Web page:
The next important race where Moll appeared was the French Grand Prix, on July 1st, and on the entry list the Mercedes-Benz team, that made their racing debut in the Eifelrennen a week after the Avus race, was now represented by Caracciola, Fagioli and von Brauchitsch, whilst Auto Union drivers Stuck and Momberger would also compete. Also present were two Maseratis for Étancelin and Zehender, three improved Bugatti 59s for Nuvolari, Benoist and Dreyfus and three Scuderia Ferrari Alfa Romeo Tipo Bs for Varzi, Chiron and Trossi. Actually, Moll, was only reserve driver, but would end up taking over Trossi's car, lying in sixth position, but with first and third gears out of use. Nonetheless he would finish the race in third position, just 20 meters away from Varzi, whilst Chiron won the Grand Prix.

On July 8, for the Grand Prix de la Marne at Reims-Gueux, three Tipo Bs were available for Chiron, Varzi and Moll, two Monzas 2600 for Soffietti and Balestrero, two Bugattis T51 for Lord Howe and Brunet, and no less than six Maseratis for Nuvolari, Étancelin, Hamilton, Sommer, Straight and Zehender. In the race, the lead was hardly fought over between Nuvolari, Varzi and Chiron, Chiron eventually winning the race from Moll, with Varzi/Marinoni finishing third.

There is not much to tell about Moll in the German Grand Prix, the following weekend. He was forced to retire with a broken gearbox on lap 6.

On the very busy weekend of July 22nd with three GPs run at Albi, Dieppe and Livorno, Moll, Varzi and Trossi took part in the Coppa Ciano on the Montenero track. With both Auto Union and Mercedes-Benz absent, the main players were Nuvolari with the Maserati and the three Scuderia Ferrari drivers with their Alfa Romeo Tipo Bs. The race developed into another fight between Varzi and Moll and Enzo Ferrari remembered:

"Moll had just overtaken Varzi, but immediately after had a puncture quite close to the pit box. Varzi overtook Moll then, but just after changing the tyre, Moll chased Varzi like a madman and, after just one lap, was breathing over his neck. I decided to make him a signal to hold positions; I do not think it is a good idea for a team to engage the drivers in such battles, which might sometimes be too close of provocation. So I prepared the signal, but just in the moment that I was showing it to Moll, his car started a frightening spin in the middle of the corner. Moll changed gears and managing a science-fiction manoeuvre solved the spin, whilst at the same time he waved his hand at me telling that he had read and understood my message! I have to reckon I was puzzled. I had never witnessed such coolness, such a self-belief and confidence all mixed-up in the middle of an obvious moment of danger. I understood that, at that precise moment, danger for him was more related to others than to himself. He was ready to solve a difficult situation even with an unorthodox manoeuvre, and probably that was exactly what he did."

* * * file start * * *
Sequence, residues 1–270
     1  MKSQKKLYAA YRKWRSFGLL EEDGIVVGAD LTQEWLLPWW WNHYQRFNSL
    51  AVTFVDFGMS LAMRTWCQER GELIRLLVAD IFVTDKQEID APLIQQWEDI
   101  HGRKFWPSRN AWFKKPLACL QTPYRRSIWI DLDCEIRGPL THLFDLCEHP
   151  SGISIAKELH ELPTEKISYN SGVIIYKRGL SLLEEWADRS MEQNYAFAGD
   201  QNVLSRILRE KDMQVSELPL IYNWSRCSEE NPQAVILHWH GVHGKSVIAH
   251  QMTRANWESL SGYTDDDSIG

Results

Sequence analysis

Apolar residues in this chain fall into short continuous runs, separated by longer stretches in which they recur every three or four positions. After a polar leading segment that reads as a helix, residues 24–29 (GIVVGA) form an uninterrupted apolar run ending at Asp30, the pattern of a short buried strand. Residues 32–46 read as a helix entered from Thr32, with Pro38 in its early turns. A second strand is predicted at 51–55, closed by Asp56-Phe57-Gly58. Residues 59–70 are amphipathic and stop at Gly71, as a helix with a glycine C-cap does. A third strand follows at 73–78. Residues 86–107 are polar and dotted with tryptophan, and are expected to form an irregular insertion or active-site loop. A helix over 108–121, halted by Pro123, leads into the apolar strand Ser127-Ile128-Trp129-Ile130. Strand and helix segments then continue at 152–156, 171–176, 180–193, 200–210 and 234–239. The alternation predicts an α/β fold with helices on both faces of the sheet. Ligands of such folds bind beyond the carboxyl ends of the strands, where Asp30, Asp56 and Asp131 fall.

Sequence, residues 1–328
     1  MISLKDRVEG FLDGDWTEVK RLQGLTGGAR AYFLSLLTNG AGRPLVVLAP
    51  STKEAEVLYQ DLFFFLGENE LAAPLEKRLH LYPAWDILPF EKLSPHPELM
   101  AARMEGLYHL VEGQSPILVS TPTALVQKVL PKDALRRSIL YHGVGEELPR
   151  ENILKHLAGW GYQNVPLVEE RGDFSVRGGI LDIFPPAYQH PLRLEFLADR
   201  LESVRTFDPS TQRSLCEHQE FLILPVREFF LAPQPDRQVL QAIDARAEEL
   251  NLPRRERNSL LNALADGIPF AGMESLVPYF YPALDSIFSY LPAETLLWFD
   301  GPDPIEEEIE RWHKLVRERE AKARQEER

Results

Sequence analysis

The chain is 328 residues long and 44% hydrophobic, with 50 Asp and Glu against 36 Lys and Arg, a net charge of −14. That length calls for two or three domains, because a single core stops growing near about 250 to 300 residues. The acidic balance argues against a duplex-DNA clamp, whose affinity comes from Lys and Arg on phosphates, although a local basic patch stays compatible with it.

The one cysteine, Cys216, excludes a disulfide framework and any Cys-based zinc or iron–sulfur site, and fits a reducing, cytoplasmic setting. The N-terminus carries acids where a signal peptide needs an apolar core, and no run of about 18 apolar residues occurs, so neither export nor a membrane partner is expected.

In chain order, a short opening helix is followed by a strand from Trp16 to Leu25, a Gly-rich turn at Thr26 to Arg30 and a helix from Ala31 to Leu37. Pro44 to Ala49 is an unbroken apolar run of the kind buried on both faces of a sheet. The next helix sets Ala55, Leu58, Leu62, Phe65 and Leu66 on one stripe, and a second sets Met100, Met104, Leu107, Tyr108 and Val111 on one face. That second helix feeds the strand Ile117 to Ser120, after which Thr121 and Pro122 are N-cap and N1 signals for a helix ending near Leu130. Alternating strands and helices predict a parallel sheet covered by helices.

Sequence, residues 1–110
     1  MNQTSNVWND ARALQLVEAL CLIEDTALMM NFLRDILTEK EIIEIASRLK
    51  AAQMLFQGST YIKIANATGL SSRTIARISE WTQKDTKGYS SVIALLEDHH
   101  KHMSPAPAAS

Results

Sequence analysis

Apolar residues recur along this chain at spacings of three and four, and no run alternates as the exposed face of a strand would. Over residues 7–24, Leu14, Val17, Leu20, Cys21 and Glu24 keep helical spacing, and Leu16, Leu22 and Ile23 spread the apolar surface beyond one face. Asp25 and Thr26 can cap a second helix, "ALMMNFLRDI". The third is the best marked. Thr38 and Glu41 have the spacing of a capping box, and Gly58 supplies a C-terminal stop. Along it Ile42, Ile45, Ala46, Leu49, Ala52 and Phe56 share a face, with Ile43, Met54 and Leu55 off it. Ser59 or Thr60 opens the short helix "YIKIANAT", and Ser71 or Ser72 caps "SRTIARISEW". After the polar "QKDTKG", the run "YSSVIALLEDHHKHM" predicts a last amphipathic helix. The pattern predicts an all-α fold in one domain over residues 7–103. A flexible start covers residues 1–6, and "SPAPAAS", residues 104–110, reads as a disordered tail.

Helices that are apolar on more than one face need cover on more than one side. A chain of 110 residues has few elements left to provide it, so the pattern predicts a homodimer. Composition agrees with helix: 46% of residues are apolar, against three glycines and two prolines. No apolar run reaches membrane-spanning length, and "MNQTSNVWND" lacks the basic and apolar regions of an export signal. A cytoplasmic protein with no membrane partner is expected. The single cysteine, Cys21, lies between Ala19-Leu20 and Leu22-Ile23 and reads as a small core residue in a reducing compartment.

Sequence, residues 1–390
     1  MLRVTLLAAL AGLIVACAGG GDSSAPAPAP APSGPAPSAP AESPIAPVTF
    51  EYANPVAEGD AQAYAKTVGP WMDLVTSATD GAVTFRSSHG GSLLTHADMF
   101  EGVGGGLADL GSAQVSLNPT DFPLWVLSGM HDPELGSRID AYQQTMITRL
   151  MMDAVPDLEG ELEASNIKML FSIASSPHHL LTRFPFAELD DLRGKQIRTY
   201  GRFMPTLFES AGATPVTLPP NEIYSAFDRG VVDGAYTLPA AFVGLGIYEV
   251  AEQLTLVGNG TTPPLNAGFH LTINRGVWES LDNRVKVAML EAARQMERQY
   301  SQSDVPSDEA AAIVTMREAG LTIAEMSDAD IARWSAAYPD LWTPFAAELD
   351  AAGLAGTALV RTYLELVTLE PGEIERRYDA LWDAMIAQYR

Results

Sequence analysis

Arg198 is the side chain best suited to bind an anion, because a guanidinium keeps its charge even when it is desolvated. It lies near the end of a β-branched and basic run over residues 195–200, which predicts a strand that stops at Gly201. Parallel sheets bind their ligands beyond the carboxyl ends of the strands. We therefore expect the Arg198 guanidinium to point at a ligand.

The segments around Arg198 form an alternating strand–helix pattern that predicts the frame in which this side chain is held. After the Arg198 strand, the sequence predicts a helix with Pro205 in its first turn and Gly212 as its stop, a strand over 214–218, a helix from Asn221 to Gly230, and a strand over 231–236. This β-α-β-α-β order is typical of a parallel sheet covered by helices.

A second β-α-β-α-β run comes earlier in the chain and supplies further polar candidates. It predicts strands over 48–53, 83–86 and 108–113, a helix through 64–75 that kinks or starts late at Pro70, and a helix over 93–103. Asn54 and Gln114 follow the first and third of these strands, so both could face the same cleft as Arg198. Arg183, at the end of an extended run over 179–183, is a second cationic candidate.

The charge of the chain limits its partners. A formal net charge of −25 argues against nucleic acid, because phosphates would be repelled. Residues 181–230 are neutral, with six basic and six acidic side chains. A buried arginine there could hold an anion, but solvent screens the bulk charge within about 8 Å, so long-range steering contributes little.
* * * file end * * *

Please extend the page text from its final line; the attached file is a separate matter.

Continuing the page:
Both German teams sent full entries to Pescara for the Coppa Acerbo on August 15, 1934, with Caracciola, Fagioli and Henne racing for Mercedes and Stuck and Sebastian for Auto Union. Varzi, Chiron, Moll and Ghersi raced for Ferrari, Nuvolari, Straight, Lord Howe, Hamilton and Zehender raced Maseratis and Penn-Hughes entered a private 'Monza' while Brivio's works T59 was the only Bugatti in the race.

It had been raining and when the race started the track was still wet and slippery. Rain specialist Caracciola immediately took the lead. Behind him there was a terrific battle between Stuck's Auto Union, Varzi's Alfa and Fagioli's Mercedes, the drivers constantly swapping places. Moll did not make a particularly brilliant start, from the fifth row, but he was still fifth after the first lap. On the third lap Varzi took over second place but he soon had to come in for new tyres and fell back. Order: Caracciola, Fagioli, Stuck and Nuvolari.

On the 6th lap Stuck had to retire. Straight was another unlucky driver and Nuvolari had to make an extra pit stop. After 8 laps the rain started again and Caracciola made a mistake and crashed, the Mercedes driver being very fortunate to limp away with only minor bruises. By mid-race the leading Mercedes of Fagioli went in to change tyres and Moll became the new leader followed by Henne and Varzi. Chiron had a serious incident when his car caught fire during the refuelling. Chiron was lucky to escape with minor burns as he protected his face with his hands but the car was completely destroyed as were parts of the pit. The accidents continued as Corsi crashed his difficult to handle the Maserati 'Sedici Cilindri' and broke several ribs.

When Moll went in for refuelling Varzi became the new leader. Fagioli was running really fast and catching the Alfa Romeo and after Varzi went in for new tyres it was the Mercedes driver's turn to take over the top position. Moll in second place clocked the fastest lap of the race in a desperate attempt to catch Fagioli. By the 16th lap Moll had narrowed the gap to just 29s, and if he could maintain that rate of gain he might still win. All around the long circuit the excited home crowd began to scent the possibility of victory for their inspired young hero, who continued to drive, in the words of a contemporary account, "as though possessed of a kind of madness". On the 17th lap Moll lost time that he could so ill afford when he skidded and stalled.